In automobile design, a rear-engine design layout places the engine at the rear of the vehicle. The center of gravity of the engine itself is past the rear axle. This is not to be confused with the center of gravity of the whole vehicle, as an imbalance of such proportions would make it impossible to keep the front wheels on the ground.
Rear-engined cars are almost always rear wheel drive, a layout known as RR. The exception is certain high performance four wheel drive models from the German automaker Porsche. This layout is chosen for three reasons - packaging, traction, and ease of manufacture:
- Since the engine is located at an extremity, the rest of the vehicle can be used for passengers and luggage.
- Having the engine located over the driven wheels increases downward pressure, which is helpful for grip on loose surfaces.
- The drivetrain can be assembled as a unit and installed easily at the factory - easier than a front wheel drive layout where the driven wheels also steer the car.
A rear wheel drive, rear engine car tends to be prone to oversteer which allows for tighter turner radius than that of a neutral or understeer condition of a vehicle, however this causes vehicle instability. For this reason rear engine has been abandoned as a design option for regular passenger cars, but still maintains a viability for race applications.
Although this layout was once popular, it was mainly found in small, inexpensive cars and light commercial vehicles. Most car makers have abandoned the rear-engined layout apart from Porsche who has gradually developed their design with improvements to the suspension and chassis to reduce the shortcomings of the layout to exceptional levels in road and race cars.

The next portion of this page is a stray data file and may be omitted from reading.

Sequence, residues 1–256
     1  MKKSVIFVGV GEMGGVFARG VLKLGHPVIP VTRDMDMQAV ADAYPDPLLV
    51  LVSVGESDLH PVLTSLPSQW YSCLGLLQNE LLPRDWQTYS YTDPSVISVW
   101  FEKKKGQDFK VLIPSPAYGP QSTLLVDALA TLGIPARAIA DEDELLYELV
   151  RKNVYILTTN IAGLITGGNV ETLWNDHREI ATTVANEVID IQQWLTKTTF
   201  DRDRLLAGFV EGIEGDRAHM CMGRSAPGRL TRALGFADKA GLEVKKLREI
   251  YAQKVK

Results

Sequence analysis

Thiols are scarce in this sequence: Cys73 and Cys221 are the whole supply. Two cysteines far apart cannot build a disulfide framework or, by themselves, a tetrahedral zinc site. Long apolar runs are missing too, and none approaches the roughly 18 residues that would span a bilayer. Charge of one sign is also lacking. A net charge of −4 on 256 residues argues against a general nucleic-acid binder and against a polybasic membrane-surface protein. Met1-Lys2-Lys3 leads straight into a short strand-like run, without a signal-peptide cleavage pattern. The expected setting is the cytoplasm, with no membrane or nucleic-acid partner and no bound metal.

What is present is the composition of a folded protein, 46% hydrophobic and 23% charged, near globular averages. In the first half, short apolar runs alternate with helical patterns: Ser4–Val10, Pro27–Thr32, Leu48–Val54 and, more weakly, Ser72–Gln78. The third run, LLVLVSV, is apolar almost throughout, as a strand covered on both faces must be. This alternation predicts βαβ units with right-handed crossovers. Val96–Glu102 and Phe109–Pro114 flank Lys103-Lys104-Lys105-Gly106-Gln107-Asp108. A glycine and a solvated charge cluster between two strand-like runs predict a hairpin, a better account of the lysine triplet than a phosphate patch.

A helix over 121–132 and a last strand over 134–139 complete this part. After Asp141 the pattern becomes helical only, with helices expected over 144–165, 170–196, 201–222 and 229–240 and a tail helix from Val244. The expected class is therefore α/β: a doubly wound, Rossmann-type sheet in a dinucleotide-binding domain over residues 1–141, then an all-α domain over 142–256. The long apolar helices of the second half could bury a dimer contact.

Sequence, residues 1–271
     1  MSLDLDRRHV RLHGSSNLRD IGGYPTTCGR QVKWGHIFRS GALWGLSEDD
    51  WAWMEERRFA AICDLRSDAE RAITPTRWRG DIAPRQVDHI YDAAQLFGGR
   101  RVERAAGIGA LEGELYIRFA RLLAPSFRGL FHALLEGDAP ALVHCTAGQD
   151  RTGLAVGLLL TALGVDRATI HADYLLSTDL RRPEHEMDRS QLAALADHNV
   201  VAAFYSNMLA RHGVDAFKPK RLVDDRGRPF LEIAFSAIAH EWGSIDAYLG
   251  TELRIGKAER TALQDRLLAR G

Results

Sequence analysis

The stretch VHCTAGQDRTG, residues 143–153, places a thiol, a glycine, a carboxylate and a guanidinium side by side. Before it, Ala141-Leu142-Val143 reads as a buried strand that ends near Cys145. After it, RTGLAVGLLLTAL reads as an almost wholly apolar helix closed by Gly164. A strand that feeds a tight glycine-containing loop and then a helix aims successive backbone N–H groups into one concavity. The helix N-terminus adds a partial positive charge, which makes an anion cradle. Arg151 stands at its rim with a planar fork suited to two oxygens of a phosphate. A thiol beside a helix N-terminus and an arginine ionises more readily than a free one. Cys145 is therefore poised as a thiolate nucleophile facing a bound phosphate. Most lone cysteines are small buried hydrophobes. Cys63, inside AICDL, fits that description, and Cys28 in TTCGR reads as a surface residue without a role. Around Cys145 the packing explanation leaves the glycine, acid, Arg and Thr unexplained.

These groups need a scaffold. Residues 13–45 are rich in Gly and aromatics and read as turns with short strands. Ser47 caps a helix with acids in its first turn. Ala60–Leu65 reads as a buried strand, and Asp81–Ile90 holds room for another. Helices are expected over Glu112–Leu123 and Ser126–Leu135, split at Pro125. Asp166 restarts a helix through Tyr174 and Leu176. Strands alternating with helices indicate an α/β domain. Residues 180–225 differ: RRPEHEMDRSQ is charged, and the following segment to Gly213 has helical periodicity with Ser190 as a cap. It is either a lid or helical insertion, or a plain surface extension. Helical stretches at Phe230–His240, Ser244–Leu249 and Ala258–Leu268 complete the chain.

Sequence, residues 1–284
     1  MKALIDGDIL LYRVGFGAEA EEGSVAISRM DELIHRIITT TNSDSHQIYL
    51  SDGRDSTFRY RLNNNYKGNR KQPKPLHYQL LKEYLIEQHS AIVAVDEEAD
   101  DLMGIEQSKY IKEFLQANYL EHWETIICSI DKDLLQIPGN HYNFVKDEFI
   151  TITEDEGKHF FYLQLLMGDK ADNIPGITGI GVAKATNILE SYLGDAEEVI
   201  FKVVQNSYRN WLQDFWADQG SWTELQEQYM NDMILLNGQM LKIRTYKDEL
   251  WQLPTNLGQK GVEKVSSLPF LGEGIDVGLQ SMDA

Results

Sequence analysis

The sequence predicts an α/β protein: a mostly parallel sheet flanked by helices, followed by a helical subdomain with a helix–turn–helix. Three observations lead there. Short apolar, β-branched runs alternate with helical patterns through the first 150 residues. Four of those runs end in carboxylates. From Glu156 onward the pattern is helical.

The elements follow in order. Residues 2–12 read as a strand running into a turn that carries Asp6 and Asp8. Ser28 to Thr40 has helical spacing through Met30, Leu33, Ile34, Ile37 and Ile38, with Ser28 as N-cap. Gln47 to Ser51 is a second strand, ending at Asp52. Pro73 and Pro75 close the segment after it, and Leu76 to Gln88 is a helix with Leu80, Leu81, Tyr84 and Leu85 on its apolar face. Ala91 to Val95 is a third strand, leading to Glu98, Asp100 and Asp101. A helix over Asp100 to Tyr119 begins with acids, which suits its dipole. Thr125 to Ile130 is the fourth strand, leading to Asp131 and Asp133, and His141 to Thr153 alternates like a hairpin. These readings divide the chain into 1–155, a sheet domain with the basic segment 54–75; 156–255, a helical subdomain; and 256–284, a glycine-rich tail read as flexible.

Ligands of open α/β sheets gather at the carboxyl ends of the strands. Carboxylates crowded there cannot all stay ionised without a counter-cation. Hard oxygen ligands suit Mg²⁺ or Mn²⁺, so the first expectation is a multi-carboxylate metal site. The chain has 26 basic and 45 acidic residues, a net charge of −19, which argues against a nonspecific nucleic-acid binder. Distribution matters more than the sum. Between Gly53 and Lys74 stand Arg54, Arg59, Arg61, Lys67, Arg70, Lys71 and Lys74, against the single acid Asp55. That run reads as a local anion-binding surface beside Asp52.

The most popular current application of this layout is in low-floor buses where its space-saving attributes are best applied.
On the DeLorean DMC-12, to compensate for the uneven (35/65) weight distribution caused by the rear-mounted engine, the car had rear wheels with a diameter slightly greater than the front wheels.
Notable rear-engined cars
- Benz Patent-Motorwagen
- BMW 600 and 700
- Chevrolet Corvair
- DeLorean DMC-12
- Dune buggies such as the Meyers Manx
- Fiat 500, 600, 850, 126 and 133
- FMR Tg500
- Hillman Imp
- Mercedes-Benz 130/150/170H
- Messerschmitt KR200
- Mitsubishi i and iMiev
- NSU Prinz
- Porsche 356, 911 and 959
- Renault 4CV, Dauphine, Caravelle, R8, R10, Renault Floride and the 3rd generation Twingo
- Renault Alpine A106, A108, A110, A310 and GTA/A610
- Simca 1000
- Škoda 1000/1100MB,MBX, 100/110, 110R, 105/120/125, 130/135/136, Garde, Rapid
- Smart Fortwo and Roadster
- Stout Scarab
- Subaru 360
- Suzuki Fronte 360, Fronte 71 and 72, Fronte Coupé, Fronte LC20, Fronte 7-S / SS10 / SS20 and Cervo SS20 / SC100
- Tata Nano, Tata Pixel and Tata Magic Iris
- Tatra T77 / T87 / T97 / T603 / T613
- Tesla Model S
- Tucker Torpedo
- Volkswagen Beetle, type 3 'pontoon', Karmann Ghia and type 4 (411/412), as well as the VW Bus and type 181 'Thing'
- ZAZ Zaporozhets series.
- Wong, J. Y. (2008). Theory of Ground Vehicles. Hoboken NJ: Wiley. p. 560. ISBN 0-471-35461-9.